Protagoras of Abdera in Thrace was born in 490 BCE and died in the year 420 BCE. Being a sophist, he likely travelled throughout Greece, and spent many years in Athens.
Before we begin, let me offer some caution to his work. Because we have very few sources on Protagoras and his historical context highly influenced his thought, I find it appropriate to pause and consider these interpretive issues.
The Lack of Protagoras Sources
As with all other Pre-Socratics, we have very few sources to work with. Our main sources derive from Plato, Diogenes Laertius, and Sextus Empericus. The latter two authors wrote several hundred years after Protagoras, so we may not be complete confident in how reliable their sources were; however, we do obtain a lot of evidence for the Pre-Socratic thinkers from Diogenes Laertius.
Historical Context and the Sophists’ Tradition
We find that, around the fifth century B.C.E., many characterized the term “sophist” with those who were renowned for their great wisdom or those who professionally tutored pupils.
The Old Sophists, comprised of Protagoras, Prodicus, Gorgias, Euthydemus, Thrasymacus, and Hippias, pushed a philosophical agenda that we now characterize as religiously agnostic, morally and epistemologically relativistic, and rhetorically skilled. These older sophists all played an important role in Plato’s Protagoras.
Later in the 4th century BCE, the sophists were more or less like our present-day lawyers. They argued very well in public, and the Greeks often hired them for legal representation.
As a result, they became instrumental in the courts. Because the Sophists may have argued for either injustice or justice to win a case, the term took on a much more negative connotation. Now we know the term “sophistry” to denote deception or a deceptive argument.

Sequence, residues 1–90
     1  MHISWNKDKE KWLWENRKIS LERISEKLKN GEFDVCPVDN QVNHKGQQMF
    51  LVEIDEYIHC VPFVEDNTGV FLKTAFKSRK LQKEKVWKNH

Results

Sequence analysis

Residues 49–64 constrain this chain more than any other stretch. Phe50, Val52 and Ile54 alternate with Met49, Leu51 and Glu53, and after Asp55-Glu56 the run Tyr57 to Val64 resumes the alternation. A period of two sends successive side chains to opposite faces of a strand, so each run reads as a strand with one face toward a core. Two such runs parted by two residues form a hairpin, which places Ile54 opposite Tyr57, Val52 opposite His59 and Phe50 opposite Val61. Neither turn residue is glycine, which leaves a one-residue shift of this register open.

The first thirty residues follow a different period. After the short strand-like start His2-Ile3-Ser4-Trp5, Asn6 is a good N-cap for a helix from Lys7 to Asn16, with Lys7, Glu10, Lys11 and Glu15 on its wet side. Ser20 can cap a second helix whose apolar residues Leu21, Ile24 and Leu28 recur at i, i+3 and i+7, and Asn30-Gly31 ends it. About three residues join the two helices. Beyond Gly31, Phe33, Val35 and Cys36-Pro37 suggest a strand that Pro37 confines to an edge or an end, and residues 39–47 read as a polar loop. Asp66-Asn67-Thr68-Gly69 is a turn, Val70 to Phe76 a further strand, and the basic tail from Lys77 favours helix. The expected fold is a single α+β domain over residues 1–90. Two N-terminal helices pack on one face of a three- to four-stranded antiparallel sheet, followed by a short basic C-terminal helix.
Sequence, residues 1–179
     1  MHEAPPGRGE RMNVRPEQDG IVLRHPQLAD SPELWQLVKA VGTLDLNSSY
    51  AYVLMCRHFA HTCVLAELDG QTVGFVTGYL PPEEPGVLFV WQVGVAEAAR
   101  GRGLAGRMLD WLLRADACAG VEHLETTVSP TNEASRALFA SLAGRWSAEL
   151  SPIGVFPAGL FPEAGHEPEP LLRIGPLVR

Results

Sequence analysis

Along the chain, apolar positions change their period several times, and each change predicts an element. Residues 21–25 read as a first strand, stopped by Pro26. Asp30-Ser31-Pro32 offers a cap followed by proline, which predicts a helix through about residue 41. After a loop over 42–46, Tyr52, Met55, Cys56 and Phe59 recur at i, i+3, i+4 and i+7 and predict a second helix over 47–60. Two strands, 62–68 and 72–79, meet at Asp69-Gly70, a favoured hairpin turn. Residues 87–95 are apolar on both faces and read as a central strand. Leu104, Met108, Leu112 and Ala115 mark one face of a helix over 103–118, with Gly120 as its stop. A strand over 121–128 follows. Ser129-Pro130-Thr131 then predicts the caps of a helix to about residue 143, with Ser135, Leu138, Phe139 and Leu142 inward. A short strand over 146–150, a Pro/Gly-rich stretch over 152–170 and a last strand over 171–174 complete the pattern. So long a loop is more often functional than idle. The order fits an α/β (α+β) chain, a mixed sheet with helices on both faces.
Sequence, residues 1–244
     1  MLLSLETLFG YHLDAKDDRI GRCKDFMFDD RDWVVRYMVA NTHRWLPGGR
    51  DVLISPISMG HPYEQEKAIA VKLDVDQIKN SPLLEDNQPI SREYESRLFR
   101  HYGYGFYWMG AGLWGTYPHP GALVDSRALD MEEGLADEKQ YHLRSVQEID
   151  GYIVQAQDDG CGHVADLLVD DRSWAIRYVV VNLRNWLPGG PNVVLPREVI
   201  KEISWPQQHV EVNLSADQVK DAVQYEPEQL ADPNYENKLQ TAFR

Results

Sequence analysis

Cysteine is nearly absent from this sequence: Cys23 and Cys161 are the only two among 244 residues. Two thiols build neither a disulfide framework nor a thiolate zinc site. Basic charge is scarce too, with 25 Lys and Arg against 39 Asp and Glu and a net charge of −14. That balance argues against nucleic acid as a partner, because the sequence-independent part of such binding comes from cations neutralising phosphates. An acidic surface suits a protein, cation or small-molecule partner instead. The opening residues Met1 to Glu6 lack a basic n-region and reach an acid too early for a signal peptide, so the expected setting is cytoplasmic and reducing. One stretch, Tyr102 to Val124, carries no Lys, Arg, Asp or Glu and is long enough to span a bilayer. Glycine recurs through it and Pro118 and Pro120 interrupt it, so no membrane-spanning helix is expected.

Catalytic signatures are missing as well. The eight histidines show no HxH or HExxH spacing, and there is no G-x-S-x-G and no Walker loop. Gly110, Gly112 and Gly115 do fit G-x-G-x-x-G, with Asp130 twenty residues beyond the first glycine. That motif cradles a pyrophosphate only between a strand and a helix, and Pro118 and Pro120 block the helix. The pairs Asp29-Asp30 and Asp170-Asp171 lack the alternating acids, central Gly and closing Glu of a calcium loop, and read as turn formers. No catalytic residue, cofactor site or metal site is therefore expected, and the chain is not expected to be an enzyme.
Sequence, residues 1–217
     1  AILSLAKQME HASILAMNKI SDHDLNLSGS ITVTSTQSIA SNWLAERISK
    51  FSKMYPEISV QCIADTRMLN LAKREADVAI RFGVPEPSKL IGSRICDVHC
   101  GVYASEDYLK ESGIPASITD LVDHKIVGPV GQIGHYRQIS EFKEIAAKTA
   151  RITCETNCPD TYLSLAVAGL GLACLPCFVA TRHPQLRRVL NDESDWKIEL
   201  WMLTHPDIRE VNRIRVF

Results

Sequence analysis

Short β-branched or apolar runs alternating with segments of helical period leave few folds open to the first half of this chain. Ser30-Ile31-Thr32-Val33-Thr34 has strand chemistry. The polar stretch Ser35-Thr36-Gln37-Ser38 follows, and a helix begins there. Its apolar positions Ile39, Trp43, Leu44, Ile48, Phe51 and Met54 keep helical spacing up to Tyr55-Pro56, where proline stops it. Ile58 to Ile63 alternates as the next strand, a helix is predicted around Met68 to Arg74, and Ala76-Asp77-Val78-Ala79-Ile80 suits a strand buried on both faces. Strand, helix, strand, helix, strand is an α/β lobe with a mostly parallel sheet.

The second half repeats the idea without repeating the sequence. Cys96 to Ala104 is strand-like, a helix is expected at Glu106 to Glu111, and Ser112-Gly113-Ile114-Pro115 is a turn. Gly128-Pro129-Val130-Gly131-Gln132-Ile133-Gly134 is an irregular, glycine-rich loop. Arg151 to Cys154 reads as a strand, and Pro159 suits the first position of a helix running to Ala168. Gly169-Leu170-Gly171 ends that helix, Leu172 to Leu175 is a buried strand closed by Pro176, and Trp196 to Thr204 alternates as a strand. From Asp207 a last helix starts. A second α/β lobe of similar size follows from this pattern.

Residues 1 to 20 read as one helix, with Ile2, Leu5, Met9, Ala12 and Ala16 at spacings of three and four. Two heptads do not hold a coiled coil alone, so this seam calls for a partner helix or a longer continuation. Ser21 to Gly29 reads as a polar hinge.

The Three Major Themes Found in Protagoras’ Works
Orthoepeia, or the study of using words correctly. Many late sources credit Protagoras as the first formal grammarian, which equated to work in what we now consider syntax. We see in Plato’s Protagoras a scene in which Protagoras interprets a poem by comparing the writer’s intentions and the literal meaning of the words, a method popularly employed in the courtroom.
Man as the measure of all things. “Of all things, the measure is man, of the things that are, and how they are, and of things that are not, and how they are not” (Protagoras, DK80b1). Allow me to elaborate on this.
Consider a group of relatives coming home to Tennessee, perhaps the greatest of the united states, where they meet up in a house at room temperature. Jane and Wendy are two of the visitors we will focus on.
Jane insists that it feels cold in the house, while Wendy insists otherwise. Wendy is visiting from Northern Canada, a very cold place indeed, and Jane has come up from an area in North Brazil that sits on the very hot, Equator. Who else can best describe his or her bodily state or perceptions that the individual who experiences them?
Protagoras insisted that we could prove neither girl wrong. While this example is a bit silly, the philosophical implications, namely that absolute Truth has succumbed to relativism, certainly made a grand impression on the Ancient Greeks. Protagoras, in short, ultimately pushed a philosophical agenda of moral and epistemological relativism.
Agnosticism: do the gods exist? Protagoras didn’t know. The Sophists in general all ridiculed the epic accounts of the Greek gods, most notably because of the immoral and questionable actions of the gods.
Protagoras, on the other hand, certainly was not immoral. In fact, Plato painted Protagoras as a generous and upright man. Protagoras only said, “Concerning the gods, I have no means of knowing whether they exist or not or of what sort they may be. Many things prevent knowledge including the obscurity of the subject and the brevity of human life.” (Protagoras, DK 80 B4).
Influence on Western Philosophy
Although Protagoras himself did not stir up any particular movement in intellectual history, the Sophists’ work in general turned Greek philosophy from the natural sciences to human philosophy. They caused Plato to combat their relativism with his own ideas on absolute Truth, or the World of Forms. And their thoughts still speak meaningfully into recent movements in relativism and subjectivity.
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